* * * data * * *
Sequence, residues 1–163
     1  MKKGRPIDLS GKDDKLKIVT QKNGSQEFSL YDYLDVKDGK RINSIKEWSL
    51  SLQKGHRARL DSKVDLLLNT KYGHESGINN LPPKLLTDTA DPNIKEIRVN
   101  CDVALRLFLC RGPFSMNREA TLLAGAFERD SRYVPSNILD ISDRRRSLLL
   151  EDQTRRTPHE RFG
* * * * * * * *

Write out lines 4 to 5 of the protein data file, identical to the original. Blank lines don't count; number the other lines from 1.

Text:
   101  CDVALRLFLC RGPFSMNREA TLLAGAFERD SRYVPSNILD ISDRRRSLLL
   151  EDQTRRTPHE RFG